• Certain industries, such as horticulture, cleaning, and construction due to a reliance on migrant labour, subcontracting practices and potentially hazardous working conditions. 

What challenges do vulnerable workers face?  

Unfortunately, vulnerability in the workplace often translates to a multitude of challenges. Here are some of the most pressing issues vulnerable workers face.   

Precarious job security due to outsourcing and restructuring 

Many vulnerable workers hold positions in sectors susceptible to outsourcing or restructuring, such as manufacturing, cleaning, and retail. When companies outsource jobs overseas or restructure internally, vulnerable workers are often the first to be laid off due to their lower seniority or lack of specialised skills.   

This can lead to sudden unemployment, financial hardship and difficulty finding new employment due to their age, experience, or immigration status.  

Low wages and exploitation 

Many vulnerable workers can be trapped in low-paying jobs with minimal benefits. Migrant workers, for instance, may be unaware of minimum wage laws or pressured to accept substandard pay due to visa concerns. Young workers starting their careers can also be particularly susceptible to exploitation, facing unpaid internships or minimum-wage jobs that barely cover basic living expenses.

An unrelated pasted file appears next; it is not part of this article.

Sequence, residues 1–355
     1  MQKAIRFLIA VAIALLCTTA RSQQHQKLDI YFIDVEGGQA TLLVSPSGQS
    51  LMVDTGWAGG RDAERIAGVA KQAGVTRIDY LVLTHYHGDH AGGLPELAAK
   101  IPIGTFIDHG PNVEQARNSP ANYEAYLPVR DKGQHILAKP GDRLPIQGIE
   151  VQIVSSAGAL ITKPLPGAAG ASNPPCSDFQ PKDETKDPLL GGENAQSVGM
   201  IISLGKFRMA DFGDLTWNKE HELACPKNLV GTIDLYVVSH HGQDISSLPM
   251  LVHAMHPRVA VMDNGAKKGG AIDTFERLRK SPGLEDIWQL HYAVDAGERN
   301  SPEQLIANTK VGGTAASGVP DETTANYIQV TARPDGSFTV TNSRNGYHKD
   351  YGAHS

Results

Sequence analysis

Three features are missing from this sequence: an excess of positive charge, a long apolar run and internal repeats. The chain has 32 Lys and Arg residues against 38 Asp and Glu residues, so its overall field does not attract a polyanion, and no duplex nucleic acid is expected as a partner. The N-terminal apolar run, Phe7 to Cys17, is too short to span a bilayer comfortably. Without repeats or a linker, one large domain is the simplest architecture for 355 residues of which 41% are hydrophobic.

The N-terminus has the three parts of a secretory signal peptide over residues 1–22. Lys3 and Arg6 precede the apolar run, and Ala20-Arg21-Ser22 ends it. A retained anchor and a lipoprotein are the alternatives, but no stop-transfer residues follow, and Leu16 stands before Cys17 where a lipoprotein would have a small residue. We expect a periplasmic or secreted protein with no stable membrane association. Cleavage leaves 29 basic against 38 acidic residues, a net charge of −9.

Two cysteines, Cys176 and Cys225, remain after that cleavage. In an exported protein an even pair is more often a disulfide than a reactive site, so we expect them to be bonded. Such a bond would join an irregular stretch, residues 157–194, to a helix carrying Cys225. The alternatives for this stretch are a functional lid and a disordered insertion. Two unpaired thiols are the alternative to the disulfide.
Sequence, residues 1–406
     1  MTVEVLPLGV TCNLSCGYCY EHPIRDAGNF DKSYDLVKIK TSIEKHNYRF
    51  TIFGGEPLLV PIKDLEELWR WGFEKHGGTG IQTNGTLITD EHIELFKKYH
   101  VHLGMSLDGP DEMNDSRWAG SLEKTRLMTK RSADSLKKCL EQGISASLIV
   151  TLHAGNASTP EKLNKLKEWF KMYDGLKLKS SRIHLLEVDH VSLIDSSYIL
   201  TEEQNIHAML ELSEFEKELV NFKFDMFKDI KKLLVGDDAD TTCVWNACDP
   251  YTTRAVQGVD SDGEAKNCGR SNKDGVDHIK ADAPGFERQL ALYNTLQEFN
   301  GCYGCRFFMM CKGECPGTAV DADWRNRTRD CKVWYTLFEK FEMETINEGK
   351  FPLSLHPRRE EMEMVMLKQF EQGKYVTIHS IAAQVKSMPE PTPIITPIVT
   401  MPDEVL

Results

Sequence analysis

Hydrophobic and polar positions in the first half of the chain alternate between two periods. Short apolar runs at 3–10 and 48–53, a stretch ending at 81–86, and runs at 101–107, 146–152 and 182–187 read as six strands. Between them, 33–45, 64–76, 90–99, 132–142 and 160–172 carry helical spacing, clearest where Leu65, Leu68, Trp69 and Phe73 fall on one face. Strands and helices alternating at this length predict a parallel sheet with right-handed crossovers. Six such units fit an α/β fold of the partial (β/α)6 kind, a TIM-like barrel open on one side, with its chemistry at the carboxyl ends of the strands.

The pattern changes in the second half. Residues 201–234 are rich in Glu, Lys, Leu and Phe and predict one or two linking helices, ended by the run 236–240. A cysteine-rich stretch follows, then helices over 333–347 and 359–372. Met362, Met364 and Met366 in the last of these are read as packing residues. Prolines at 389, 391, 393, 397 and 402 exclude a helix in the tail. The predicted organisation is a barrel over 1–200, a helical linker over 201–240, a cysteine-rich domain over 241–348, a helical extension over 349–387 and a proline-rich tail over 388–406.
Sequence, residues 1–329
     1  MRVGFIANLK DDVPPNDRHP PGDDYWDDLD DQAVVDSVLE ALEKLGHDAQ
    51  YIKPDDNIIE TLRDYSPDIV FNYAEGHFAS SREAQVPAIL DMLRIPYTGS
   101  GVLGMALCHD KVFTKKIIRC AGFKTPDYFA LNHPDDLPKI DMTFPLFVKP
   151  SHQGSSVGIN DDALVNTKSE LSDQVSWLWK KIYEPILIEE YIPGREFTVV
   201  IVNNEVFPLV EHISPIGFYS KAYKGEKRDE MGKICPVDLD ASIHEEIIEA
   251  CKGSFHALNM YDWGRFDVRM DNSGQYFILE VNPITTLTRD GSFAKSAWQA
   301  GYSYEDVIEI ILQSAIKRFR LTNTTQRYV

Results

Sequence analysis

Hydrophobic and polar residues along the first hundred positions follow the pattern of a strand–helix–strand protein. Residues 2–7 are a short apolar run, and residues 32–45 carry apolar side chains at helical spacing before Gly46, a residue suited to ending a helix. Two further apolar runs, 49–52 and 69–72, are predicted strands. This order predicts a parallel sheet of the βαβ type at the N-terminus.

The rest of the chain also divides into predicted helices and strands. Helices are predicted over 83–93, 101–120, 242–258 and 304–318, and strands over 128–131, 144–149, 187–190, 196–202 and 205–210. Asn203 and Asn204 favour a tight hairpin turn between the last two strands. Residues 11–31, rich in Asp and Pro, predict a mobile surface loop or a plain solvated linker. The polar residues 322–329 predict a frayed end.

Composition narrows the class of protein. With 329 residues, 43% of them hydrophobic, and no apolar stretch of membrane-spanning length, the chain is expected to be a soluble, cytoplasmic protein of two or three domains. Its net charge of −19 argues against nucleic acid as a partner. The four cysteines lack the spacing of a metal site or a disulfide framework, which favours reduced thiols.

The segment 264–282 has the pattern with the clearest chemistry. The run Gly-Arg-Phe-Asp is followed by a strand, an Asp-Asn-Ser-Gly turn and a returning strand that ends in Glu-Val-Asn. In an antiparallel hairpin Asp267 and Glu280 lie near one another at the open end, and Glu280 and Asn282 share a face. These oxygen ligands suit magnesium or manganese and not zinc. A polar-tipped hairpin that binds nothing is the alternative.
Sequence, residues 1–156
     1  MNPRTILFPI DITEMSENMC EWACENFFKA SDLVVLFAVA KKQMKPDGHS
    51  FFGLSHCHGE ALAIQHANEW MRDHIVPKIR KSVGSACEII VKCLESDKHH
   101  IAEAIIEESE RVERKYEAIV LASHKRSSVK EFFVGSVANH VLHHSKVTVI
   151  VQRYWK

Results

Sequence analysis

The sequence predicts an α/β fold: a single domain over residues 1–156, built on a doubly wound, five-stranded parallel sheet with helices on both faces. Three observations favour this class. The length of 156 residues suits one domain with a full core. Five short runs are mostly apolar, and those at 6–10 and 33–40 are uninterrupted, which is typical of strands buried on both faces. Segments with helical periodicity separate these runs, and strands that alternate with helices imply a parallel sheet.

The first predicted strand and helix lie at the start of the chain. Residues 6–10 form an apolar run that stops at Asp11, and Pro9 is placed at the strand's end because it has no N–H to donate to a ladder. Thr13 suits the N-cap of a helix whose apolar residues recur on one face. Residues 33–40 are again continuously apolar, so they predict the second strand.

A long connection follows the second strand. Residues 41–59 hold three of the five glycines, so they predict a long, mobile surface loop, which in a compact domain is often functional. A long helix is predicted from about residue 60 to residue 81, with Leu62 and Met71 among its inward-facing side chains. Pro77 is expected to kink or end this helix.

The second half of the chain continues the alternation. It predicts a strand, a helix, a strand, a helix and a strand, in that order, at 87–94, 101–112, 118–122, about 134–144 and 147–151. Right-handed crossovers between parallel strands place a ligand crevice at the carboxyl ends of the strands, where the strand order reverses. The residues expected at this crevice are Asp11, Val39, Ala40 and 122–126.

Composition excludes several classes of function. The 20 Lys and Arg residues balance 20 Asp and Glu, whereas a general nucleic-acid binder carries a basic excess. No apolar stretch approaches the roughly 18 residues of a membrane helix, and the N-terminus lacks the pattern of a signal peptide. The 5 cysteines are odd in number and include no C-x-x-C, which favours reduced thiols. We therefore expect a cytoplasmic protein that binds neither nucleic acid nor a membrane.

Unsafe working conditions 

Vulnerable workers are often placed in hazardous situations with inadequate safety training or equipment. This can range from construction workers exposed to dangerous chemicals without proper protection, to cleaners working with harsh cleaning products without ventilation. The pressure to meet quotas or finish tasks quickly can further heighten the risk of accidents and injuries.  

Discrimination and harassment 

Vulnerability often intersects with other forms of discrimination, leading to targeted harassment and unfair treatment. Migrant workers may face racism or xenophobia, while young workers might be subjected to bullying or ageism. Additionally, women and LGBTQ+ individuals working in vulnerable sectors may experience gender-based or sexual harassment.  

Lack of access to employment rights and support 

Many vulnerable workers lack awareness of their legal rights and struggle to access support when faced with unfair treatment. Language barriers, fear of retaliation and complex legal procedures can create significant hurdles in seeking help. Additionally, limited access to unions with collective agreements or advocacy groups can leave them feeling isolated and unsupported.